Big Picture Mode
Nathan Brown cops to a guilty musicalusical pleasure
When I read that Wilson Phillips’ Hold On was one of the 160-odd songs Rockstar had added to the radio soundtrack for GTAV’s remastered release, I punched the air, then immediately went and preordered the digital version. I have loved that record and wanted it on a
GTA soundtrack for years, but have only recently been able to admit it. It has long been a quiet, guilty pleasure, but the older I get, the less relevant the first word in that phrase becomes, and the louder I get in my Batemanesque pub-table proclamations of its brilliance. It set me wondering about why we don’t really see the same thing in games (no one wakes up on their 30th birthday and finds themselves finally prepared to admit to loving Superman 64, you know?), and I thought this month’s column was sorted.
Then the enormous GTAV download finally finished, the grindingly ponderous install completed, I drove Franklin around Los Santos with the radio tuned to Non Stop Pop, and it slowly became miserably clear that Hold On wasn’t on the soundtrack after all. I checked online and read news stories about the new soundtrack but found no mention of it, eventually clarifying the situation via a forum post. It seems the confusion stemmed from the song being found in data files mined from the 360 version’s disc, where it was one of a number of tracks named but not included, and so had been assumed to be making an appearance in the remaster. But it hadn’t. I’d paid £55 for a game on the unconfirmed promise of a single song, and that promise had turned out to be a false one. I was gutted.
That was no fault of Rockstar’s, of course. More fool me for taking Internet speculation as gospel, I guess – a lesson I should have learned long ago – but it’s far from the first time I’ve been persuaded to put money down for a game on the promise of something that turned out to not exist. After all, the grand, impossible promise is one of the foundations on which this industry is built.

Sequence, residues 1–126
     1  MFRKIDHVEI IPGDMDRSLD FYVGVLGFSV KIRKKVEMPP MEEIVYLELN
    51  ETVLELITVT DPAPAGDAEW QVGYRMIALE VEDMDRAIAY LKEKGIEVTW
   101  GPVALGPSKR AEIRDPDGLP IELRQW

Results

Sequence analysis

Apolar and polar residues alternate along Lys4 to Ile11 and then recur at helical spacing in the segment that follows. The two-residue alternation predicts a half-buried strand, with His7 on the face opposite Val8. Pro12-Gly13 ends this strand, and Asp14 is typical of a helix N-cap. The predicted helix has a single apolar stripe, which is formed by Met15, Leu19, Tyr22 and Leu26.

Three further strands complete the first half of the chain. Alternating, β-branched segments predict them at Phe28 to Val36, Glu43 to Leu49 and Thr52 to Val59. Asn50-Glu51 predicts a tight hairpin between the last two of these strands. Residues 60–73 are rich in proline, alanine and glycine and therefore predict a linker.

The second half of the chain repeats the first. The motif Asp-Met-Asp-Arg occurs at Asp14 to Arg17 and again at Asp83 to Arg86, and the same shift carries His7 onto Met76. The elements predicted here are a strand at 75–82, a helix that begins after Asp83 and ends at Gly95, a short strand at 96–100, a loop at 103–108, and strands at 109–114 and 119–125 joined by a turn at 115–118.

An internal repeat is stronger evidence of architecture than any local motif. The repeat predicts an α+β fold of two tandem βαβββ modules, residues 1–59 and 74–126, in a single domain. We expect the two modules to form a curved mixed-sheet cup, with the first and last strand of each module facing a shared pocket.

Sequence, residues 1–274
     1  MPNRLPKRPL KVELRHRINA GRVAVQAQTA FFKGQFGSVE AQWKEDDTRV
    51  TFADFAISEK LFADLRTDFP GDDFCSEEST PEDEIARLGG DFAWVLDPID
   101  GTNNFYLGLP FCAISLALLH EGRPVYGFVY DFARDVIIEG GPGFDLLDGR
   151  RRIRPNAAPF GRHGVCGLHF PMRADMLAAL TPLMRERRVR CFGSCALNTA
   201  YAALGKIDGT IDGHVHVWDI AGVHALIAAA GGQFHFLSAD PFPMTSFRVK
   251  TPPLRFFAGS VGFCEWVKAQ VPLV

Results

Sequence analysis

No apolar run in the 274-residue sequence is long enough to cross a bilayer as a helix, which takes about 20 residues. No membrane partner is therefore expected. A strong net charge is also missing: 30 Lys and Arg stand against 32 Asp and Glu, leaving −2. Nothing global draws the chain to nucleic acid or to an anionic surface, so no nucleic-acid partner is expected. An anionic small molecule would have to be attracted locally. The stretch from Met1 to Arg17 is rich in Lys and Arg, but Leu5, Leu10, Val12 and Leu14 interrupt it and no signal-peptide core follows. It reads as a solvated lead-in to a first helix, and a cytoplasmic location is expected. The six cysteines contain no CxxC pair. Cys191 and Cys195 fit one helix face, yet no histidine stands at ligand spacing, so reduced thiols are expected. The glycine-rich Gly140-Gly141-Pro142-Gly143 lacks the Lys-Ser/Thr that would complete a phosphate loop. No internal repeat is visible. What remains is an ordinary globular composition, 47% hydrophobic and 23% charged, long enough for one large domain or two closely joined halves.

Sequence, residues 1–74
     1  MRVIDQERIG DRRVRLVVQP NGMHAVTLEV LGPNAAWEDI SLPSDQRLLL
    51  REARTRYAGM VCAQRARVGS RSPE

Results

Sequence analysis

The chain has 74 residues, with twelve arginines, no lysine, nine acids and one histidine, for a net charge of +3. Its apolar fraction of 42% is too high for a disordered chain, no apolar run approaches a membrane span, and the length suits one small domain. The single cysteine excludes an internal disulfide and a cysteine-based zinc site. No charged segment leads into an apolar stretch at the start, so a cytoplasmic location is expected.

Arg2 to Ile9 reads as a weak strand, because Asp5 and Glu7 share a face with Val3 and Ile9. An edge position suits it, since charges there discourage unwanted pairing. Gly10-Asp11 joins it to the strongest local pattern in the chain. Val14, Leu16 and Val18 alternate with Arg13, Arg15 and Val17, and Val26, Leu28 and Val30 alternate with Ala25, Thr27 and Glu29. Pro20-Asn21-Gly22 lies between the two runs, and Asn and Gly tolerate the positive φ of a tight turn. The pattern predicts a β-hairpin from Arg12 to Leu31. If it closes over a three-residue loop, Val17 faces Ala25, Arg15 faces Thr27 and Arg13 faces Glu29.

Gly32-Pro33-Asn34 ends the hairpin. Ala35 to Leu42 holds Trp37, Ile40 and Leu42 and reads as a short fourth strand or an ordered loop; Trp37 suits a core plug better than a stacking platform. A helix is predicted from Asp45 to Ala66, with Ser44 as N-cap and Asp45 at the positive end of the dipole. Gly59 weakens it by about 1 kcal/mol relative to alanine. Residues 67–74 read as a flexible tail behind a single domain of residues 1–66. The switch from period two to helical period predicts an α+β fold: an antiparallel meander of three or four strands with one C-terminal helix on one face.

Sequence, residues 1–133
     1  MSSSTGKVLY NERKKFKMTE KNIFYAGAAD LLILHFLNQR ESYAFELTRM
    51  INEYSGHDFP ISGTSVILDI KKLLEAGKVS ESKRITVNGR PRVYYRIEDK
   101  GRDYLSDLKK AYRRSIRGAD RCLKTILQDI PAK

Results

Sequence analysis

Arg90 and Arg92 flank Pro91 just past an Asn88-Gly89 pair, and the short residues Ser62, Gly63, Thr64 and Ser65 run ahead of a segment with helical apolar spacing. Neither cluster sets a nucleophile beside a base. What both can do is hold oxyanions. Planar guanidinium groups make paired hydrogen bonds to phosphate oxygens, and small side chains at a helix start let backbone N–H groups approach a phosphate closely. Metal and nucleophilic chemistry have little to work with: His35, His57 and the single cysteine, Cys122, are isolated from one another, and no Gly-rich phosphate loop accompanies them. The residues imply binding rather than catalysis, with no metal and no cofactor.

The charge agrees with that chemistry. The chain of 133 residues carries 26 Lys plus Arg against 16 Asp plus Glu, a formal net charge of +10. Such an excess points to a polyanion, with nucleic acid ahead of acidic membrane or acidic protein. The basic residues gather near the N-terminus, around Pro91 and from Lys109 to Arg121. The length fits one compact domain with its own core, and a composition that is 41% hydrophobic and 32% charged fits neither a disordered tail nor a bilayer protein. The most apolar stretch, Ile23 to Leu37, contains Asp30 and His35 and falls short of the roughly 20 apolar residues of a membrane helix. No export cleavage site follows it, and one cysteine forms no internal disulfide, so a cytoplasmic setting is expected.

We want developers to reach for the skies until the precise moment it becomes apparent that they can’t quite get there
I can understand why, to an extent – reality got in the way of my original plan for this column, after all. Design documents are essentially wishlists, roadmaps for initial visions that have to be redrawn and scaled back as projects progress. A studio might not have the time, money or manpower to complete a planned feature; perhaps it did get made, but didn’t work as intended, and thus was scrapped. But when a developer first starts speaking in public about a new game, they’re often still talking about the theory rather than the reality, the vision rather than the execution. At this point, they’ve got big ideas and they want to stand out. Little wonder so many of them shout their grand plans from the rooftops.
It’s something that Early Access should have fixed, really. By pulling back the curtain, opening a constant line of dialogue between developer and player, and offering playable builds from early in development, there should be far less opportunity for pulling the wool over the potential customer’s eyes. Yet if anything, the opposite has happened, prompting Valve to update Steam’s Early Access developer terms with some new rules. Two jumped out at me: “Make sure you set expectations properly everywhere you talk about your game,” and “Do not make specific promises about future events.”
This is fair enough – and prompted by a few too many cases where developers have essentially taken the Early Access money and run – but what was intended to give small studios an alternative route to market that bypassed the traditional publishing model has ended up insisting that they also opt out of the traditional marketing one.
No one likes a broken promise, but what worries me about this most is the knock-on effect it might have on those grand design documents. Promises are a reflection of ambition; we want developers to reach for the skies until the precise moment it becomes apparent that they can’t quite get there, at which point we just want them to get as close to it as possible. Not every game should copy Black & White – and God knows (and Godus shows) that one Peter Molyneux is plenty – but creators should be dreamers first and realists later. If a developer’s vision is bound to what he or she knows is realistically achievable, games are only going to get less interesting. Early Access was meant to empower creators, not restrict them. Steam is a platform full of problems, of course, but I worry that Valve itself just created the biggest one of all. Nathan Brown is Edge’s deputy editor, and would like to apologise to fellow pub patrons for the Hold On singalong